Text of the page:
African American business owners should make a point to cultivate fruitful business partnerships. Throughout African American history, the proper business partnerships have been what delivered success for African American businesses and movements.
Some such historic examples are the business partnerships between Ottowa Gurley, the founder of The Greenwood District (Black Wall Street) and J.B. Stratford, founder of the Stratford Hotel and also Reverend Leon Sullivan who partnered with the Black Church congregation and founded the first Black-owned Shopping Center. Even the Civil Rights Movement was a massive, successful movement due to the Black Church leaders coming together with the African American community for fight for justice and equality. The start of Tuskegee University and several of the influential people who came to teach at the school at its founding is another example of how something small became one of the top historically Black colleges and universities in the nation.
Fact: The Black Church is the largest institution owned and operated by African Americans, having provided education, housing and funding for several movements and HBCUs in the country.
Here are several tips to selecting and cultivating great business partnerships which will in turn foster positive growth in a multitude of communities.
- Select partnerships with others whose goals and expectations are the same. Whenever going into a business partnership, be clear about the expectations and goals in order to ensure all parties involved align with the same vision for the future.
- Create business partnerships with others that have similar work ethic. Driving the growth of anything depends work ethic and resilience.
- Create partnerships with those who bring value and positivity, and not detract from the process with an unhealthy attitude. No matter how much value a person brings, without a healthy, level-headed and positive outlook, it will be simple to drag a business down and create problems from within.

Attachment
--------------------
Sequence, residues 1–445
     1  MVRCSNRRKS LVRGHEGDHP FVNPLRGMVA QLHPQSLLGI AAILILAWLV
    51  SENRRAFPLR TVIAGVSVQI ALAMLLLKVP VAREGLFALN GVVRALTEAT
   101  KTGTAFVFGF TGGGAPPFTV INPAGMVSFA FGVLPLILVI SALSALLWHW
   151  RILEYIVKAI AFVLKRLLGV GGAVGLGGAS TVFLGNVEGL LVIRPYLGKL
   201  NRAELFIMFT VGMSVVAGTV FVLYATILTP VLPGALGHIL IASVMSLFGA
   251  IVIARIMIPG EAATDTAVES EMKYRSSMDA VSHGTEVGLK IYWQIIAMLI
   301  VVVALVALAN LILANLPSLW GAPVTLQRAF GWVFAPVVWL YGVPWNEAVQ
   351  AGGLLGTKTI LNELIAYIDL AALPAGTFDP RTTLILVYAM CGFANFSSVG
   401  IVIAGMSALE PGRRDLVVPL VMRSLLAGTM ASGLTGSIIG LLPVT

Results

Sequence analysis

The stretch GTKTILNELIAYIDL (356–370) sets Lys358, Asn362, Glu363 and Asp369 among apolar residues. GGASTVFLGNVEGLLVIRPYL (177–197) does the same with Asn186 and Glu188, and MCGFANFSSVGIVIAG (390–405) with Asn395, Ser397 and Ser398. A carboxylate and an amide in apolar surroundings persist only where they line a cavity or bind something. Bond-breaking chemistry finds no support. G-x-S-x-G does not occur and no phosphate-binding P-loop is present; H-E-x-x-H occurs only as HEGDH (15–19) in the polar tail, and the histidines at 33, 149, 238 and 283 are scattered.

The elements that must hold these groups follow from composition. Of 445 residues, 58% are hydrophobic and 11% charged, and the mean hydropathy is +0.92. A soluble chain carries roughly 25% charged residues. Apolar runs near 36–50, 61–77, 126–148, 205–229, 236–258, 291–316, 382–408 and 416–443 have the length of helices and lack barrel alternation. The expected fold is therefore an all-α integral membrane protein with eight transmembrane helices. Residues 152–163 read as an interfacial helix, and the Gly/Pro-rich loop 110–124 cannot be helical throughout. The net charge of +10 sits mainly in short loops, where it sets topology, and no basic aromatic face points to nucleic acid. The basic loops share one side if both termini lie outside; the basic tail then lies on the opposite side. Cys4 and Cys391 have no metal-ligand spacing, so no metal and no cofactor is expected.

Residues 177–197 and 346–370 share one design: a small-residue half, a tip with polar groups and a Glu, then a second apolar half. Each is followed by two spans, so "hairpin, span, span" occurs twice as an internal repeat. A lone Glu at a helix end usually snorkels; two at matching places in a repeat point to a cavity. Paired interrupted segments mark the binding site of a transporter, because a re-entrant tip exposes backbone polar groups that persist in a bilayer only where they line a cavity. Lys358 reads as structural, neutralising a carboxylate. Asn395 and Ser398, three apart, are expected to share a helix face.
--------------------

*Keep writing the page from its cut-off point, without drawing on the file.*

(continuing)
- Clear contracts, depending on the vision or type of partnerships, are musts. Outline down to the detail what is expected, percentages and so on in order that no stone remains unturned. Remember that though business and friendships can go had in hand, however, business is business which is why contracts can keep the ground from getting too muddy. Everyone knows and is legally bound to what is expected.
- Preferably, create business partnerships with those who either have valuable contacts and/or are willing to be social enough to create them through some sort of networking/social media. Personalities are different, but the willingness to reach out in some form or fashion is key to marketing and growth. This also helps when attempting to gain venture capitalists to invest in your business.
- Plan for the dissolution, or closing, of the business partnership in case this needs to happen in the future. People change and goals tend to change, therefore, it’s best to have something in place where it’s already handled. This will mitigate confusion if partnerships can no longer stand.
Remember, a business partnership should always be a positive slope, not a negative one.